A great article on Country Oil Depots by Howard Armstrong was published in issue 10, of Australian Journal of Railway Modelling over 20 years ago.  Whilst I won’t repeat the contents, Howard also included pictures of three of the Wagga oil depots, which fills in gaps in my photographic archive

Bomen is also a bit large in scale from the smaller depots that I plan to model.  Looking a bit wider, Paul Ferguson sent me some photos of some neat depots at Yass, and Orange



Shell Depot details on the former Yass Tramway before the Tramway "closed" in 1988. The road in the background is the Hume Highway, and the Golden Fleece Restaurant billboard is a "sign of the times"

Another view of the Shell Depot.  The Yass Tramway level crossing is in the distance.
I photographed a tank car train, approaching Yass Junction in the early 1980s. Operation on the branch could not have been profitable with just a single car?  
Paul's picture of the "Total" depot at Orange - co-incidently, the same depot that Howard Armstrong used in his AJRM article

Sixmaps aerial view of the Orange depot gives the layout of tanks and sheds. The rail siding at the time of the Sixmaps image was disconnected from the mainline



Being a former resident in Queanbeyan, I took interest in the two per week oil trains servicing Canberra.   Whilst it isn’t Wagga, I suspect there were many similarities with the design of the depots, and unlike Wagga, where most of the infrastructure disappeared before Google views, the Canberra Fyshwick sidings are mostly still intact

Canberra Oil train in the 1990s

rear view of the same train shows the oil sidings on the Northern side of the line


Detail of the oil wagons on the RHS of the earlier photo

A view showing the gates.
Another siding, another view of  a different set of gates. Signs are interesting  

A view without the tank cars shows some of the pipework

And the large tanks
SixMaps aerial views



A Google 3D view almost mimicks the viewing angle on a model railway. As a planning tool, this is brilliant.  A series of flat container wagons are stored on the northern shunting line.  The mainline, and the southern shunting line are also visible
The Shell Depot was the last operational depot after all the ones off the Northern Shunt closed.  It was used for a few years until the Railways stopped shipping bulk fuel by rail in the 2000's.  Like Bomen, it was left with a fleet of stationary cars, long enough for Google to take pictures 


The Shell Oil depot at Fyshwick in a google 3D view.


Modelling the depots should be fairly straight forward.  In most cases, there was just a simple siding; a single set of discharge pipes per siding;  a shed; lots of 44 gallon barrels; plus a tank farm nearby.  Chain link fence, gate, and signs.  Pipework is definitely needed too – this is where the recent colour views of the Canberra Depots can help.  A kit that will be very useful to represent the piping, is the Walther’s HO scale Piping Kit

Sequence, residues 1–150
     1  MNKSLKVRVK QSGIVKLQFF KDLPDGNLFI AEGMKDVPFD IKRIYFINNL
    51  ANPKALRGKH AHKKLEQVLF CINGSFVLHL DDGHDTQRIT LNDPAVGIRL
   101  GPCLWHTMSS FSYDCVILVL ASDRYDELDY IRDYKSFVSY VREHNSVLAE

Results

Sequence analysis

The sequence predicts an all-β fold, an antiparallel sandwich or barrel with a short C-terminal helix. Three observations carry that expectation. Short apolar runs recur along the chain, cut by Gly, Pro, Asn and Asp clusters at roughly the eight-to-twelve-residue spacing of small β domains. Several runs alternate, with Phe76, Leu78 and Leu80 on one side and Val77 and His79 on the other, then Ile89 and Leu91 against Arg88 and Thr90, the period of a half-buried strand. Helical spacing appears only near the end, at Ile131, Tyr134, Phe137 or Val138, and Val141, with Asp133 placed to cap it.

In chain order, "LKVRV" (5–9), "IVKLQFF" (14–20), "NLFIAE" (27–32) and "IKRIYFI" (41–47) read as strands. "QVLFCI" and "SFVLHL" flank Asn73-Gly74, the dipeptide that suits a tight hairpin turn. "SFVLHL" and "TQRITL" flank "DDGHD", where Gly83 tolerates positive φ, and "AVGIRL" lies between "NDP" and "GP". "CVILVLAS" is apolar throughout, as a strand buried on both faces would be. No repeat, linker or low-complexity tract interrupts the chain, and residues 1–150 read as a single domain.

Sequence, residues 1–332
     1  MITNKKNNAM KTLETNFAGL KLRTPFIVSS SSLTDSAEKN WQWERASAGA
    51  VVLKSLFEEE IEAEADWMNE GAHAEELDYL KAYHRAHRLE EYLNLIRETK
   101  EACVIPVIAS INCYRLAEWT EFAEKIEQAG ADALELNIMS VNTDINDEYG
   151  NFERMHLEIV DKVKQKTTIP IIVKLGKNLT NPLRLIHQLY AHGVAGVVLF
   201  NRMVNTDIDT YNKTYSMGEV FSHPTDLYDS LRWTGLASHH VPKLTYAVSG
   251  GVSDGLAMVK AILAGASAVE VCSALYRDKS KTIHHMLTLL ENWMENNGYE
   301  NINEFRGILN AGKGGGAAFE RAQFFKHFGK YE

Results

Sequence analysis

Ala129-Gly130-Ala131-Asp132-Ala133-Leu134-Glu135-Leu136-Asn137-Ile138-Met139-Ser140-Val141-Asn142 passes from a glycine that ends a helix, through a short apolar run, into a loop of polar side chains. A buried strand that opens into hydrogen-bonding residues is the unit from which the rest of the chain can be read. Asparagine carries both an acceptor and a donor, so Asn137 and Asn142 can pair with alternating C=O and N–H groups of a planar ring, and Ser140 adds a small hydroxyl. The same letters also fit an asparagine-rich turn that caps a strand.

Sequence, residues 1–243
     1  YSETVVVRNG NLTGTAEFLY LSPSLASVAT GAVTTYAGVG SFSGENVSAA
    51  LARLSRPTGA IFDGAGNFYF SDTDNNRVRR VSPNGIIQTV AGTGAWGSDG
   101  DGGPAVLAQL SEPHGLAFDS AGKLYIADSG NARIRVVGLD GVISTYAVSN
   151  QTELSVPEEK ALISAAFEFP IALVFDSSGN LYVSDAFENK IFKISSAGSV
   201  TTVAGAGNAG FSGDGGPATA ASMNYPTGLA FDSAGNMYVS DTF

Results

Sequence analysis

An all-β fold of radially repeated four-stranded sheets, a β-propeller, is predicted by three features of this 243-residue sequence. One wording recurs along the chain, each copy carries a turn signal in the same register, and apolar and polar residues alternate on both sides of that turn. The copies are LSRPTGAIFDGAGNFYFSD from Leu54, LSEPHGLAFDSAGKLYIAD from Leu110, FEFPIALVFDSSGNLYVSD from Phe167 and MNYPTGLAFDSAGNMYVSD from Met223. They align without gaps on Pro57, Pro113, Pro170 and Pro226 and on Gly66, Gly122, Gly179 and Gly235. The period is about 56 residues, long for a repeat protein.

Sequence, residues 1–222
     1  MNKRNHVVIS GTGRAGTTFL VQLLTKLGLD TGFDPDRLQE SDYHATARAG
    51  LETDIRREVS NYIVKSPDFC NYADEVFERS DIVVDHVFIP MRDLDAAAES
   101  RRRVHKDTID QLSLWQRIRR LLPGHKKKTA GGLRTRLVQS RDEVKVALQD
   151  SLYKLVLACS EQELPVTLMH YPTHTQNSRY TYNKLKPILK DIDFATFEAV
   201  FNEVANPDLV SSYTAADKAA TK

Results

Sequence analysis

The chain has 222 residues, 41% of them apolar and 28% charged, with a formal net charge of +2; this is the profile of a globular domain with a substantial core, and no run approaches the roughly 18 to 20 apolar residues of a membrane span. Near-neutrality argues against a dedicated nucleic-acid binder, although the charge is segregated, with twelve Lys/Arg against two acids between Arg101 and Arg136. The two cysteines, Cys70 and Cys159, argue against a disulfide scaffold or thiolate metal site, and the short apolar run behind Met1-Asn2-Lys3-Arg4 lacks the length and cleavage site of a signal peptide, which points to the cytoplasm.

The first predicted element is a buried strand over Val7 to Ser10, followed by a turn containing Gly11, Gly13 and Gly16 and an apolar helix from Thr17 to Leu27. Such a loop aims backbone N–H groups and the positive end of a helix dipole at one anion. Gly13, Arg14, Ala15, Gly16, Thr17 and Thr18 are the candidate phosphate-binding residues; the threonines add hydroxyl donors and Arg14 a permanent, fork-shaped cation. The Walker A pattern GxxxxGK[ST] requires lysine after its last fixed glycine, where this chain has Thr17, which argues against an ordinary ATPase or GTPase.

Peter Street in AJRM issue 11 has a great article on modelling an Esso depot, and I will refering to this article when I actually start construction

Both Eureka and SDS have produced excellent bogie oil tanker models, and Austrains have produced a 4 wheel tanker.  These have been reviewed elsewhere.  Older kits do exist, e.g. the former Lloyds range; and there are a number of articles in AJRM and AMRM on converting, and scratch building tank cars

Ampol tank car at Canberra

Another tank car at Canberra station.  


Many years ago, I remember a Bob Gallagher editorial in AMRM magazine asking people to take pictures of the things they see around them, and don’t assume that they will be there forever.  I can do no more than re-emphasise Bob’s comment.  Take pictures of things NOW, and gather information whilst the structures, and people are around.  Record it for prosperity.  When I took my pictures of Wagga oil depots in the early 1980s, I had no idea how important they are to me now.    And they disappeared very quickly.  In retrospect, I should have taken more images, although the cost then, was over 50c a slide, or print, unlike today, where 1000s of shots can be stored digitally inexpensively. 



Whilst I was doing my searches, I came across these images of a train preparing to shunt the Bomen Industrial area.  The tank cars from the oil depot , and on the stockyard sidings are also visible.  Totally unexpected, but neat, and I thought I would share. Who knows what other images can be found on Google, and indeed, how long these will stay on-line - as the road, level crossing, and sidings have all now disappeared
This is all that remains of what was once had great railway interest. The siding now just serves the concrete sleeper plant

And even online resources, such as Google, are constantly uploading new images, replacing older versions.  The new images may be poorer in resolution than the older ones, OR no longer show structures that have been replaced.

Until next time.